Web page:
by Marla Cohen
Reuben Gittelman Hebrew Day School had no sooner announced that it would be closing, than the Rockland Jewish Academy heralded its arrival.
The new school, which is proposed to be housed in the Rockland Jewish Community Campus in West Nyack, will be an early childhood to fifth grade school run in partnership with the Solomon Schechter School of Westchester and will open in fall 2012. Although the Rockland school will be a community, or independent school, unaffiliated with any Jewish movement or denomination, the Schechter school and its Headmaster Elliot Spiegel, will oversee curriculum development, hiring, professional development and creating an educational mission.
And although the Gittelman board of trustees cited declining demographics as an ongoing problem for the school, Spiegel says that without concrete evidence of such shifts, he’s forging ahead.
“The creation of a really exciting Jewish private school in Rockland County will draw a substantial number of people who want their kids in a Jewish environment, who want a first class Jewish education but also a first class general education, and I’m going on that assumption,” said Spiegel.
The school’s formation was announced in a meeting immediately following the one in which parents learned that RGHDS would close in June after 40 years of operations. Parents literally trudged, dazed, down the hall from the Gittelman gym to the school’s multi-purpose room to hear the RJA pitch.
In the days following, the RJA has moved into high gear, scheduling two parlor meetings with Spiegel, one for parents with children in grades 2-4, and another for those with children entering preschool-1st grades. The school has asked parents to fill out letters of interest, and according to Brenda Lender, who has spearheaded the effort; the nascent school has approximately 80.
Knowing parents must make their school choices for next year soon and that the RJA will need to begin renovating space at the campus, organizers have put themselves on a make-or-break deadline of Feb. 15. By then, they want parents seriously interested to make a $250 refundable deposit. Tuition will be $4,500 for three-day pre-K 3 program, $6,000 for a five-day pre-K 3 and 4 program, and $12,000 for kindergarten. First grade will cost $15,000 and grades 2-5 will cost $16,000. There will be chalutzim, or pioneer, grants available to help with costs. The grant will be a $1,500 tuition credit per student for the first two years for students in grades K-5. There will also be a tuition freeze for the first two years for all grades.
Tuition will not cover the cost of educating the 12-15 students RJA is hoping to attract per grade, and will have to be supplemented by grants and fundraising. Lender says that organizers are in consultation with various organizations for grants and seeking a funder for the chalutzim discount. The Jewish Federation of Rockland County has promised, from its Lily Steuer endowment fund, a $15,000 grant to start a library.
“Education, whether formal informal, adult or for children has always been a priority for the Federation and fundamental to its mission,” said Diane Sloyer, executive director. “We believe that an educated community is one that is stronger and more diverse; while it is sad that Gittelman is closing, this new school will strengthen our community and the Federation will do what we can to ensure its success.”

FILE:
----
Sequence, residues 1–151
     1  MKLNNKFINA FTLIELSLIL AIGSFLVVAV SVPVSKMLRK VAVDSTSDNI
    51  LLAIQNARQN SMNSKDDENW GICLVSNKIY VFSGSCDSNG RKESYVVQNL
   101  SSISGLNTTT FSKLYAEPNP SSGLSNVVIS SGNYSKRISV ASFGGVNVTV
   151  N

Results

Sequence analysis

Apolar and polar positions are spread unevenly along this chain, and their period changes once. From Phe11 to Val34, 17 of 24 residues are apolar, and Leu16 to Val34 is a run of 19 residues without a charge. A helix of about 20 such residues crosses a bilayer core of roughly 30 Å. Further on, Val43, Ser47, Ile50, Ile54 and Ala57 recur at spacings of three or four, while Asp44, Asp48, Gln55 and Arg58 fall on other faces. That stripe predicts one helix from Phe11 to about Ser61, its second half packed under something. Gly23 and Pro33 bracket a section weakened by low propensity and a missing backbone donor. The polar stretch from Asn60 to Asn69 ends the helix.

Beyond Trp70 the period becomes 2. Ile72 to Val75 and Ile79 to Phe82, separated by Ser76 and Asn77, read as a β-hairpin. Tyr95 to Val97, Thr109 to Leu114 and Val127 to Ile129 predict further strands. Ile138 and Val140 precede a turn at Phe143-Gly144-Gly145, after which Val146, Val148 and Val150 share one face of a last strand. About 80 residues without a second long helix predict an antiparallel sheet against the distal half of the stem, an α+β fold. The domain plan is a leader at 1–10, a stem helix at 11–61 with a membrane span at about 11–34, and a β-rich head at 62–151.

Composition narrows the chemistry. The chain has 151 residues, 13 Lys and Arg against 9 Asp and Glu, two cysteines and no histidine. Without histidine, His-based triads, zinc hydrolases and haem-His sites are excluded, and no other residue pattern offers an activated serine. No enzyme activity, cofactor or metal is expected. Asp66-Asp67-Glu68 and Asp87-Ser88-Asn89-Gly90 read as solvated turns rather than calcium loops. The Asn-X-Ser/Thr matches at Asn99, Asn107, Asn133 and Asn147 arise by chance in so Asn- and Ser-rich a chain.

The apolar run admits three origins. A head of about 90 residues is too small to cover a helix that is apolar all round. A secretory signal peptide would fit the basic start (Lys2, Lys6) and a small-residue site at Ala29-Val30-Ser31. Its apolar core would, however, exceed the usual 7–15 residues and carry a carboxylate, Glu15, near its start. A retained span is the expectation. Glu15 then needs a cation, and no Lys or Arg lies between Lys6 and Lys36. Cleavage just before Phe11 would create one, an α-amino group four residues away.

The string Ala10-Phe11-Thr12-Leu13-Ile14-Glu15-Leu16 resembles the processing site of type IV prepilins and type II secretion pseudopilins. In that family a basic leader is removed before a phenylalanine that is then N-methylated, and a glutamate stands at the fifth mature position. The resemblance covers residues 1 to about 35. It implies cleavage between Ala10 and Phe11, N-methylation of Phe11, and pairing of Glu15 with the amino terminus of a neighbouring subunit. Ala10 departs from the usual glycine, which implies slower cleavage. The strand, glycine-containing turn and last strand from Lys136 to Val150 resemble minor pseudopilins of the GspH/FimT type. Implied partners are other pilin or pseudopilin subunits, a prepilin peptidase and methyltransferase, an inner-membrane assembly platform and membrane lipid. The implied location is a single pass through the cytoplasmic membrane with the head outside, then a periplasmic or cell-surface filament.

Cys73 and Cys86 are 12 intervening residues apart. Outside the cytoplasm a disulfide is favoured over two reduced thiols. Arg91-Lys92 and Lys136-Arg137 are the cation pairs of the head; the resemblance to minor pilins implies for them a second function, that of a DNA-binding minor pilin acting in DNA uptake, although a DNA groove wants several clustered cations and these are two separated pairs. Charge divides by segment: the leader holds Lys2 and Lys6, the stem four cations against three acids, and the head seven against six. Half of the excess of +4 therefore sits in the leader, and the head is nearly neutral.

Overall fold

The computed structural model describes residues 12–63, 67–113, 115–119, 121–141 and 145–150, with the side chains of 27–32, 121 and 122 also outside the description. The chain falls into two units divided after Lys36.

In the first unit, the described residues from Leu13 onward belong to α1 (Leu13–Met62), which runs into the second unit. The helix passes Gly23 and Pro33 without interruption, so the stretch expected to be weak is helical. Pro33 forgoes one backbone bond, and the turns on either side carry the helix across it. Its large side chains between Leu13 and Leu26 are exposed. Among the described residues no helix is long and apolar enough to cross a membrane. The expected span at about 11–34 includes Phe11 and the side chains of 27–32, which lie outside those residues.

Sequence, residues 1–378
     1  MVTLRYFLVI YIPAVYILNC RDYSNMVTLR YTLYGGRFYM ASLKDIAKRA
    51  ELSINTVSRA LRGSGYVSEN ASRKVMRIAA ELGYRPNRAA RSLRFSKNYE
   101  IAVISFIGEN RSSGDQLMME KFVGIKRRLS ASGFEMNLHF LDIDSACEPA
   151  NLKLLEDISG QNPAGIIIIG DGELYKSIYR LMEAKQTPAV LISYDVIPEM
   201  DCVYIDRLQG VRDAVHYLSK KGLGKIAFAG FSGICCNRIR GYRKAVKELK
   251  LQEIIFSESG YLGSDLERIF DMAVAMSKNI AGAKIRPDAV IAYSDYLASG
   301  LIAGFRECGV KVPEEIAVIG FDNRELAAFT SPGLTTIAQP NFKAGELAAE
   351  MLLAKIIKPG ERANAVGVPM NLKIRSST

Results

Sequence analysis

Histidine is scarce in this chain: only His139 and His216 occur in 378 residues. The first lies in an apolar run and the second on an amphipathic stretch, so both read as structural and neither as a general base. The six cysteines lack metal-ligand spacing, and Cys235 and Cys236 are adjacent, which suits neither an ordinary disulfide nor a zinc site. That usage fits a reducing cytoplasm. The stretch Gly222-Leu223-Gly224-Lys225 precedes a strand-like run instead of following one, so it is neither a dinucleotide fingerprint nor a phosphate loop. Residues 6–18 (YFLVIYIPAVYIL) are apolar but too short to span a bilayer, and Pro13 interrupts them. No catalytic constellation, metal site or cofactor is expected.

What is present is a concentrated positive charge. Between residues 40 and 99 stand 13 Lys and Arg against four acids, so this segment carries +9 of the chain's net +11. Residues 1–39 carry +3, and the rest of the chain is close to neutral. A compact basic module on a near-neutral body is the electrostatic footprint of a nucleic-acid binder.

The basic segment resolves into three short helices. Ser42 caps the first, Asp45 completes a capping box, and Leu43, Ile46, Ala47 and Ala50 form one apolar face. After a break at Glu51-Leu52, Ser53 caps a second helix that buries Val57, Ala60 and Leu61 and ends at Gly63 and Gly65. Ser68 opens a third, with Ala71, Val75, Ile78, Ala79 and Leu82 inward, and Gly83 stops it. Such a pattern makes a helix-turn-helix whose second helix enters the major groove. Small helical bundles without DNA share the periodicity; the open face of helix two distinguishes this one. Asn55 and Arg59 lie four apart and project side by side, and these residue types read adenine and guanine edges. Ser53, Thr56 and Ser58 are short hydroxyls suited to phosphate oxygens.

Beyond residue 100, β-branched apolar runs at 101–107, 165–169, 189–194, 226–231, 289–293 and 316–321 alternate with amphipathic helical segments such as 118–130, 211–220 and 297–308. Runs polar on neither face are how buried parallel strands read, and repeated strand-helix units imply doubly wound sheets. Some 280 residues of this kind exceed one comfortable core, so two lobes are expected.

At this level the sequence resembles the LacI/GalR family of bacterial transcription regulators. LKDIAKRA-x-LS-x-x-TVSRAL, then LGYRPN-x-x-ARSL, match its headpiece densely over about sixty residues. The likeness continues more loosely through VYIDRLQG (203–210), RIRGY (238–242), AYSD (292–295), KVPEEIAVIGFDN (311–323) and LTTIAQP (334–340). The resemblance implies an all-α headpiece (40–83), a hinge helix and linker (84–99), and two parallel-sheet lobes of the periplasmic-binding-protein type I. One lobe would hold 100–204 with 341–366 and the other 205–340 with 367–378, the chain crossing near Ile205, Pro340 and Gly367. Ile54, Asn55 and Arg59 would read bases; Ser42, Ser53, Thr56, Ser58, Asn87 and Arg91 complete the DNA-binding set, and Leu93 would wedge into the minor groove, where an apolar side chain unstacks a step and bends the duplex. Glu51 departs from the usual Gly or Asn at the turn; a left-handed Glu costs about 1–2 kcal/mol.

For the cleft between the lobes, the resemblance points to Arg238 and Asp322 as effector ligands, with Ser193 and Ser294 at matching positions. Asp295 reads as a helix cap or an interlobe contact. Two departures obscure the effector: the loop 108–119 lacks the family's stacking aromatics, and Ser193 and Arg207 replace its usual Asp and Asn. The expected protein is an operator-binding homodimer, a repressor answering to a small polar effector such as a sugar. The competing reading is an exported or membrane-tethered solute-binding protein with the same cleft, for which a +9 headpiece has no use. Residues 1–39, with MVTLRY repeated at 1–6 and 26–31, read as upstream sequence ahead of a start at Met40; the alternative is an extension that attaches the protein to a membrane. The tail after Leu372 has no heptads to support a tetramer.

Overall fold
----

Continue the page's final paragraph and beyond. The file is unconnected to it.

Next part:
What organizers are hoping to create is something that achieves the academic reputation of the Schechter Westchester schools, which span early grades through high school, while not losing the hemische, or family, flavor that permeated Gittelman.
“First of all Elliot [Spiegel] stands behind the strong academic success that Westchester has had,” said Lender, who has served as president of both the RGHDS board of trustees and JCC Rockland’s board of directors. “But everyone wants to maintain the flavor of Gittelman that neshama and soul.”
The school would be located on the 2nd floor of the campus, in two perpendicular wings that currently house the Jewish Federation of Rockland County, Hadassah and some JCC offices and classrooms. In the coming months, those would be moved and the space would be renovated. Students would have access to JCC playing fields, the gym and other specialized facilities. Spiegel foresees the ability to partner with JCC programs, including arts and fitness ones, as well as creating some kind of ongoing mitzvah programs with seniors. There’s early talk of creating something along the lines of the JCC’s School Aged Care and programs for after care, as well.
“When we identified this location for the campus, one of the goals was to provide a home for Jewish organizations in the county,” said David Kirschtel, who serves as chief executive officer of both the campus and the JCC. “While we feel a tremendous sense of sadness at losing Reuben Gittelman, we have the chance to create something new here, with the campus as its home. The synergy will be good for all of us.”
The Rockland County Board of Rabbis has thrown its support behind the school, meeting with organizers and drafting a letter of support. According to Rabbi Daniel Pernick, president of that board and spiritual leader of the Reform congregation Beth Am Temple in Pearl River, the loss of Gittelman after 40 years was a significant one for Rockland County Jews whether or not they were personally connected to it.
“It’s very symbolic, and it diminishes the entire community,” he said. Having a viable option for community-wide day school education is something the rabbis felt would enhance and strengthen the community. If synagogues and organizations only look out for their own interests, “We will be a very fractured group of Jews, with no community.
“Very often, everybody is focusing on what’s best for their piece of turf in the community,” he said. “If this is all going to work, the goal has to be community.